Mary Landrieu realizes she was very wrong about Obamacare

Sen. Mary Landrieu (D-LA) may regret doubling down on Obamacare earlier this summer as she suddenly realizes that her support for unpopular law will likely come back to haunt her next year in her re-election bid.

Politico reported yesterday that Landrieu would introduce a measure that would allow Americans to keep their health insurance coverage amid a flurry of reports documenting that hundreds of thousands of people have been told that they will lose their plans because of Obamacare. A similar measure has already been introduced by Sen. Ron Johnson (R-WI).

“The promise was made, and it should be kept,” said Landrieu via Politico. “And it was our understanding when we voted for that bill that people when they have insurance could keep with what they had. So I’m going to be working on that fix.”

White House Press Secretary Jay Carney admitted on Monday that President Barack Obama lied when he promised Americans that they could keep their health insurance coverage under Obamacare, a claim that he made many times. NBC News reported the Obama Administration anticipated, just months after the law was passed in 2010, that up to 67% of consumers on the individual health insurance market would lose their coverage.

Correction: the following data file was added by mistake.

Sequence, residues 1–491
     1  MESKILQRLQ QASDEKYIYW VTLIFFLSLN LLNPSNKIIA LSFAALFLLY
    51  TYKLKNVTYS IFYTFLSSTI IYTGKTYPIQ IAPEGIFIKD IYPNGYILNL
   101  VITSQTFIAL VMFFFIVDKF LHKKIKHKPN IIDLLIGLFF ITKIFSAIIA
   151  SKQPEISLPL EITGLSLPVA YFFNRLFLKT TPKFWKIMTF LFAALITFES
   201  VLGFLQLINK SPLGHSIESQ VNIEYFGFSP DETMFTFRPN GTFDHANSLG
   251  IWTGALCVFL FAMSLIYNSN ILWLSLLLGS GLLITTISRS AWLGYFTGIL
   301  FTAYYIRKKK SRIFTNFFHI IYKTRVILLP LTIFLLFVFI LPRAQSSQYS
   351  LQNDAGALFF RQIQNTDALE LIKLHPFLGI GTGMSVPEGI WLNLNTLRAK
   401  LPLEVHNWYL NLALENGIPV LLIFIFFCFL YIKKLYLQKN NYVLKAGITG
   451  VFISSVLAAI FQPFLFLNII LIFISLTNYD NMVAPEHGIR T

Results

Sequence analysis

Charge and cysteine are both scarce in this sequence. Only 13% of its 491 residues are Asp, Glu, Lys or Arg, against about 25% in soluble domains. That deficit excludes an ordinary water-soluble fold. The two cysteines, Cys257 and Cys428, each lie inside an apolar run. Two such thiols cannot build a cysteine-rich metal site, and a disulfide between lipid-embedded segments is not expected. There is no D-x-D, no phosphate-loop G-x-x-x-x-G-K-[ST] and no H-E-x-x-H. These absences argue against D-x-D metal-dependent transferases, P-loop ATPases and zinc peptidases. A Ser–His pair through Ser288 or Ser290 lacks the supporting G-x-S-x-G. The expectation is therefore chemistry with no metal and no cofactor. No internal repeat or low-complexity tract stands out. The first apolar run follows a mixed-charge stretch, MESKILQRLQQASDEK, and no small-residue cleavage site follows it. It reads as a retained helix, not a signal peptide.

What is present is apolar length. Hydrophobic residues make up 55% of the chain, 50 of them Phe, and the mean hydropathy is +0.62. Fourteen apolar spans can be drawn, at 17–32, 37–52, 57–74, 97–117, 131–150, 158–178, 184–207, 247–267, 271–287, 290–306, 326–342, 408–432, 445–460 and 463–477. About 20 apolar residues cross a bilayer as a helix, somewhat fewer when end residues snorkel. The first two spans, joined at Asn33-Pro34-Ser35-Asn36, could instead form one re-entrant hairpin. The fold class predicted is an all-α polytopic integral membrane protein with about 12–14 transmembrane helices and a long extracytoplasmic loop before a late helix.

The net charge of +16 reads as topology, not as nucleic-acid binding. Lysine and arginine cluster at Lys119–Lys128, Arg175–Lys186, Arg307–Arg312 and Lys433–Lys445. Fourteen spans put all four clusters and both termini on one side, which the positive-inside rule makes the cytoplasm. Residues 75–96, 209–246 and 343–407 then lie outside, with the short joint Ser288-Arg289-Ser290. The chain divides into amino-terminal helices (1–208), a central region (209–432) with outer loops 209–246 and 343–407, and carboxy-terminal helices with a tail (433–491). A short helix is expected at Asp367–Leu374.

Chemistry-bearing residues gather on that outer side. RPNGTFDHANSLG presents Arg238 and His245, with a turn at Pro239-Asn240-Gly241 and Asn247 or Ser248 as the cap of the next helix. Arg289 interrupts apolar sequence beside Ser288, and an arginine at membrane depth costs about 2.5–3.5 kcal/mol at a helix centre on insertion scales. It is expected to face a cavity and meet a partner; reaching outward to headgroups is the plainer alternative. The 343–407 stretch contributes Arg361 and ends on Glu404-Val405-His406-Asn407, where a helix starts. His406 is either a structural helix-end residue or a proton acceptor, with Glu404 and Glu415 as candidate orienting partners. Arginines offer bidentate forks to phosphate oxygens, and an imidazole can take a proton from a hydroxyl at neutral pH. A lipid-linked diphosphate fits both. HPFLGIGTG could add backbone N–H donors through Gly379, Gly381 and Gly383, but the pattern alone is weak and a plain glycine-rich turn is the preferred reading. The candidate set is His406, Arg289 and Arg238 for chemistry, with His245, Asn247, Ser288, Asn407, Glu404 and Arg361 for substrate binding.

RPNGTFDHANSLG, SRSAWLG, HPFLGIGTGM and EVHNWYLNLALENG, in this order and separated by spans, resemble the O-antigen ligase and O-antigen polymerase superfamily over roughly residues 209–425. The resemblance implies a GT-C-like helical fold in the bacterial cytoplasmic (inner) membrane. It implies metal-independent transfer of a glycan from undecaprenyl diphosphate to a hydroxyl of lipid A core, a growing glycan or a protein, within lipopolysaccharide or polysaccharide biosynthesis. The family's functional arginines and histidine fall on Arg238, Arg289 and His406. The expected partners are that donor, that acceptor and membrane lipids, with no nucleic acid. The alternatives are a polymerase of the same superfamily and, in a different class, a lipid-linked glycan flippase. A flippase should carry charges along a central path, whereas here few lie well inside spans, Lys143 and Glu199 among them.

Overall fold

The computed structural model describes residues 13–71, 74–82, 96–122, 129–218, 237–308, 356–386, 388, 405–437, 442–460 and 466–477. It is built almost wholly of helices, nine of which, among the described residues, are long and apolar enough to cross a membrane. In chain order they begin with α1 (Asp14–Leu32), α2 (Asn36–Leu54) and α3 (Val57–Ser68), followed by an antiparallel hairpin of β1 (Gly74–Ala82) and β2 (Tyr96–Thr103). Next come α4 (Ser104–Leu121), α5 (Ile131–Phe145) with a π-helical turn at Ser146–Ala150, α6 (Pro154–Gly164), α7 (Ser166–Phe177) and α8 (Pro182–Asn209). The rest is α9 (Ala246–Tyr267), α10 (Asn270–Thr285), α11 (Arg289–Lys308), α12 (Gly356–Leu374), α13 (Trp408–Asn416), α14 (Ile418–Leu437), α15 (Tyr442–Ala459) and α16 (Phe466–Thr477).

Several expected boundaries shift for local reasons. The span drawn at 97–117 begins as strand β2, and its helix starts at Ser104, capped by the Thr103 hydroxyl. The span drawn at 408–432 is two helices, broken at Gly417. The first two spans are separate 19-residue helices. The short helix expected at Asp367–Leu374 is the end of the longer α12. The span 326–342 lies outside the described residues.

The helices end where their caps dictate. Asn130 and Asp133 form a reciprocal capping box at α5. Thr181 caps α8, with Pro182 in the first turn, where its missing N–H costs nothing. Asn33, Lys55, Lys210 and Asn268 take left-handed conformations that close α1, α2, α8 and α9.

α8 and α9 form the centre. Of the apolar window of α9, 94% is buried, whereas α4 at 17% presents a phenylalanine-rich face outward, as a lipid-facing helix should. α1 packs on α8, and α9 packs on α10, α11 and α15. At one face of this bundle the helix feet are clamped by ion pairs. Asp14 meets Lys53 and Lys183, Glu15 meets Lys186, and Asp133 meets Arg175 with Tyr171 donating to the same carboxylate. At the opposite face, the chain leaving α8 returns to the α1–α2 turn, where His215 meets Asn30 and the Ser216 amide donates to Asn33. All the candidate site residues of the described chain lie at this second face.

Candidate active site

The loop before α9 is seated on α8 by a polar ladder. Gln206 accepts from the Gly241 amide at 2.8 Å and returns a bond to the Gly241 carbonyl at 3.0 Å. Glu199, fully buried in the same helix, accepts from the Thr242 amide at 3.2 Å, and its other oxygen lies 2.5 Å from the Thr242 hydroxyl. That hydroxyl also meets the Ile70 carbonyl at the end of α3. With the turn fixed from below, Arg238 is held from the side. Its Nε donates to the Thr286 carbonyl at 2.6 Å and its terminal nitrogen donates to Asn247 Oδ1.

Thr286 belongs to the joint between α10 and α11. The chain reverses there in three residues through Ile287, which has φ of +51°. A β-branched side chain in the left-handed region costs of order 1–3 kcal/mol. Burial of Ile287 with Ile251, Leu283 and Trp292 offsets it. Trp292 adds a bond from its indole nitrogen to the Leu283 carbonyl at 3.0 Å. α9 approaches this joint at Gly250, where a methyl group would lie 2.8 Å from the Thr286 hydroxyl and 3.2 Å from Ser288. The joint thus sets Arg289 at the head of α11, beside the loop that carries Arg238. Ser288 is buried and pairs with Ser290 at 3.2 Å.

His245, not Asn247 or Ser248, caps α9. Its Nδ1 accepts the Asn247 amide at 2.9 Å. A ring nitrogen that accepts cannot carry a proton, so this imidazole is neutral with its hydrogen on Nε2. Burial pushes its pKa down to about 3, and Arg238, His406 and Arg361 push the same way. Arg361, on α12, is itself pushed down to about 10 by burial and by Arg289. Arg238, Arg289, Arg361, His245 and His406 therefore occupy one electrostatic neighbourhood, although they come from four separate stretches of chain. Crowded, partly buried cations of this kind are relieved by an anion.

Landrieu, a red state Democrat, now finds herself in a precarious position, especially since she made the same promise that President Obama made during the debate in Congress over Obamacare.

“While those individuals who like the coverage they already have will be able to keep their current plan,” said Landrieu in December 2009. “This is a very accurate description of this bill before us.”

She recently told The Weekly Standard that “[w]e said when we passed that, ‘If you had insurance that was good insurance that you wanted to keep it, you could keep it.’” The about-face that she’s trying to do here is obvious and an effort to save her political career. But it may be too little, too late.

In August, Landrieu proudly defended her vote for Obamacare, a law that her constituents oppose, at an event sponsored by the Southwest Louisiana Chamber of Commerce and declared, “If I had to vote for the bill again, I would vote for it tomorrow.”

While it’s too early to make any sort of prediction in this race, as polls indicate that it’s close, Landrieu may look back on that comment and realize it was the moment in which she destroyed her political career.

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